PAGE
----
Honour for Athlone School for the Blind

Principal of Athlone School for the Blind, Fletcher Fischer, received the Principals Recognition Award at the Deputy Vice Chancellor Academic School Recognition Breakfast. Henriette Weber, director of the UWC Centre for Performing Arts who helped establish a formalised music programme at the school, celebrated with them.

The work and efforts of Athlone School for the Blind in Glenhaven were recognised at the University of the Western Cape’s (UWC) inaugural Recognition Awards.

The school, which caters for visually-impaired pupils from pre-school to Grade 12, received the UWC Excellent Community Engagement Partner Award for their partnership with the university as well as the Principal’s Award.

UWC’s deputy vice-chancellor for academics, Professor Vivienne Lawack said the Recognition Award rewarded the university’s top feeder schools, but other schools like Athlone School for the Blind also had the opportunity to be part of UWC’s community engagement initiatives.

“The award is to thank them for their contribution to UWC and the communities we serve.”

School principal Fletcher Fischer also received the Principal’s Recognition Award at the Deputy Vice Chancellor Academic School Recognition Breakfast.

“I am pleased with the award, and our collaboration with UWC,” said Mr Fischer. “We’ve benefited so much.”

The relationship with the school stems from trying times – during the Fees Must Fall protests in 2016, the school assisted the Centre for Performing Arts (CPA), allowing the academic year to continue uninterrupted at their premises, and ensuring that various facilities were made available for use. That’s when the CPA spotted the opportunity to return the favour.

“While lectures continued during the Fees Must Fall period, I noticed the Early Childhood Development learners’ need for proper infrastructure – not to mention more instruments and a structured music programme,” said Henriette Weber, director for the CPA.

Acquiring the funding to start such a pilot project and sustain it, was a challenge. During one of Ms Weber’s regular visits to the Department of Cultural Affairs and Sport (DCAS) she asked whether there were any projects being undertaken for pupils with disabilities.

After a few months, funding was secured – R50 000 for 2017 – and a pilot project for an Early Childhood Development music programme for visually impaired and blind pupils at the Athlone School for the Blind was born. The funding would cover the purchase of instruments and the appointment of a part-time music teacher.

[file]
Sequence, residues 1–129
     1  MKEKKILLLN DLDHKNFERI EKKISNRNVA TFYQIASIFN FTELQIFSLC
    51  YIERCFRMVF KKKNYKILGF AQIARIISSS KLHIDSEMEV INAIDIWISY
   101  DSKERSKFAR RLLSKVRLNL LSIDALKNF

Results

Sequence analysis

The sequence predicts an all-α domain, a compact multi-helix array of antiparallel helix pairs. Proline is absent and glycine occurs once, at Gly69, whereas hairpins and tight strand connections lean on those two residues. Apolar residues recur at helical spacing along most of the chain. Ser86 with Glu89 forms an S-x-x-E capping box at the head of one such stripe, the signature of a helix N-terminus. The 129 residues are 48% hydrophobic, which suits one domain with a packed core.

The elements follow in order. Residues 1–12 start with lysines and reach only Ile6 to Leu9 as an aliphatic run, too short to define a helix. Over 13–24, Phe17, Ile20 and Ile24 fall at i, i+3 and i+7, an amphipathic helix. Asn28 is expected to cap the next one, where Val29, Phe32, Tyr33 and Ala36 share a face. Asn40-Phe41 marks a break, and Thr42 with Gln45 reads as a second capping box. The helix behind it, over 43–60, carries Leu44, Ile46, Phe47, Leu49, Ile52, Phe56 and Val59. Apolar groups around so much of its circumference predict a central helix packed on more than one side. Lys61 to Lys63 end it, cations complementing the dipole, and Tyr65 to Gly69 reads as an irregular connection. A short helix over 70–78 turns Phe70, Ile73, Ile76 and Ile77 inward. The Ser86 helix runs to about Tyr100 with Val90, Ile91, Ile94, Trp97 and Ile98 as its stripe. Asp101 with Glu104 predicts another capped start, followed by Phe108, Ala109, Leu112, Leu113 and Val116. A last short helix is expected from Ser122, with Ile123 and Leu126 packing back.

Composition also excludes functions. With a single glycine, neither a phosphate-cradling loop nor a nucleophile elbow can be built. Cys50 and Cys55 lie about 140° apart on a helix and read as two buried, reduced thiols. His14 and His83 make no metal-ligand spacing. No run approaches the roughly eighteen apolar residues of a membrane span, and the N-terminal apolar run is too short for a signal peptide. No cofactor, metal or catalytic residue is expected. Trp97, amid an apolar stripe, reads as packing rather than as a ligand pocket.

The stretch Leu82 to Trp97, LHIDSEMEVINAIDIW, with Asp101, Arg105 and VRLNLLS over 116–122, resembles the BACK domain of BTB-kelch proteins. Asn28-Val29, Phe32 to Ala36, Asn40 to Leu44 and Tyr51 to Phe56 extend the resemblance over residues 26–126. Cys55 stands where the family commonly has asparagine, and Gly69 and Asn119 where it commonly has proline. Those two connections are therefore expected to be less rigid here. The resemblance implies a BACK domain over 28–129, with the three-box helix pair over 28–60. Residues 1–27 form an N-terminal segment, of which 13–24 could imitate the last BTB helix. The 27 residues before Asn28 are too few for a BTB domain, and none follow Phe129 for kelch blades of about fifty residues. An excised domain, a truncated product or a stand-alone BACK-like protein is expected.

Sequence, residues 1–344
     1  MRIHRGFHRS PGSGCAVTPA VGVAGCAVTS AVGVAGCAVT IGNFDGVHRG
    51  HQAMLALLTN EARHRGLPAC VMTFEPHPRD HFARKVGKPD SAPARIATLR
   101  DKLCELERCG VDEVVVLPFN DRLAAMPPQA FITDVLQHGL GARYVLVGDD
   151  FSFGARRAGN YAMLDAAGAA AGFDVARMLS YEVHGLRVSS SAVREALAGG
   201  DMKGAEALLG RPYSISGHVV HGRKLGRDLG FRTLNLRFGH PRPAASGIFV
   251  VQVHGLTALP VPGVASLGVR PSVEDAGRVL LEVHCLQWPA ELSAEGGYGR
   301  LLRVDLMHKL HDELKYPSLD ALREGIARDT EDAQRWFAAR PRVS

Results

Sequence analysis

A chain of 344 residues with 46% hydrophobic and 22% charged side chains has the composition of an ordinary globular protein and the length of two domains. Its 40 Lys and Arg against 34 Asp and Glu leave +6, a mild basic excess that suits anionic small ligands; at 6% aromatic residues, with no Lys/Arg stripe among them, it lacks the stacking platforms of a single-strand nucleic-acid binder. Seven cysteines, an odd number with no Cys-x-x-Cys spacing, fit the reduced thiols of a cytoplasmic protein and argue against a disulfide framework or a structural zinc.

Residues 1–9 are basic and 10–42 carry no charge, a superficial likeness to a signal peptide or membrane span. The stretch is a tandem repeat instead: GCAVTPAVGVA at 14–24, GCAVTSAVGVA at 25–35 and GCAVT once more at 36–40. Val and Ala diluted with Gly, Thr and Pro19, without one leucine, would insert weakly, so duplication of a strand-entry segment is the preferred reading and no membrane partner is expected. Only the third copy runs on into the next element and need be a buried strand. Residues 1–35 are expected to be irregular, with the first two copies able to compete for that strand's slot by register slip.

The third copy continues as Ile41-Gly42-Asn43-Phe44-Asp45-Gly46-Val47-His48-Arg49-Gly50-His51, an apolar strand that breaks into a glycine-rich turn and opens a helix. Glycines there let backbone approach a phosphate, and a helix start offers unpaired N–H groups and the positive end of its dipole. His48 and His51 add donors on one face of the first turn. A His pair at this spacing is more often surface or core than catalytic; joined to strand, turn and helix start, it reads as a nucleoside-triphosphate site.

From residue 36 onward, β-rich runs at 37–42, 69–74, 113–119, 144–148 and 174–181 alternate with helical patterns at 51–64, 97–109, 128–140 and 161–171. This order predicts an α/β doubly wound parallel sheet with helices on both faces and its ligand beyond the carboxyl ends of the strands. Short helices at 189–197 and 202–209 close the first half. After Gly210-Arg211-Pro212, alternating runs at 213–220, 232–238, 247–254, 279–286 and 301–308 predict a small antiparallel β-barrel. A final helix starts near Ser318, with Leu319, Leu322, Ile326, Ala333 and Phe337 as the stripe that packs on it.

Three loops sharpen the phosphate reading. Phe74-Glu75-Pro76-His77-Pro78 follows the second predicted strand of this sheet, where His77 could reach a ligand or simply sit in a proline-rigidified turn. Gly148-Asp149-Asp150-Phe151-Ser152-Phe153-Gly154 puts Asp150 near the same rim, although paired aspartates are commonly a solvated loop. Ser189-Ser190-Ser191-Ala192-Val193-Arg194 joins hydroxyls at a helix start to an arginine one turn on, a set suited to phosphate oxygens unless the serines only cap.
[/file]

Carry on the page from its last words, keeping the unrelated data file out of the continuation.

Currently there are 35 pupils in the ECD, Grade R and Grade 1 pupil group and 10 pupils learning to play the trumpet (senior phase pupils) receiving tuition, with the possibility of a trombone and French horn to be added.

Ms Weber said the award couldn’t be more well-deserved.

“Happy kids, happy teachers -quality music education for blind and visually impaired learners. It really is the people behind a project that makes a project’s success worthwhile.”

“We will continue to grow this newly established music programme,” she said.

Mr Fischer said they were able to upgrade their teaching facilities, acquire much-needed instruments and employ music teaching staff for their Early Childhood Development department and benefit from their expertise, thanks to the university and Ms Weber’s intervention.

“Ms Weber’s role in securing funding for the school was a welcome boost for us – especially since the school curriculum changed and music at our school was forced to take a back seat. This was really sad for us; especially since this school used to be known for its musical contribution to society,” said Mr Fischer.

The ECD music programme has now expanded to include Grade R and Grade 1 pupils and a music therapist, Kirstyn Botha, has been appointed to create a more focused approach to the programme with the aim of designing an ECD music curriculum for blind and visually impaired pupils.

Dr John Philander, deputy principal at the school and a clinical psychologist, said the programme had already had a positive impact on their pupils’ self-esteem and ability.

“We can see how playing an instrument is not only beneficial as a skill development exercise, but also serves as a therapeutic outlet for our learners.”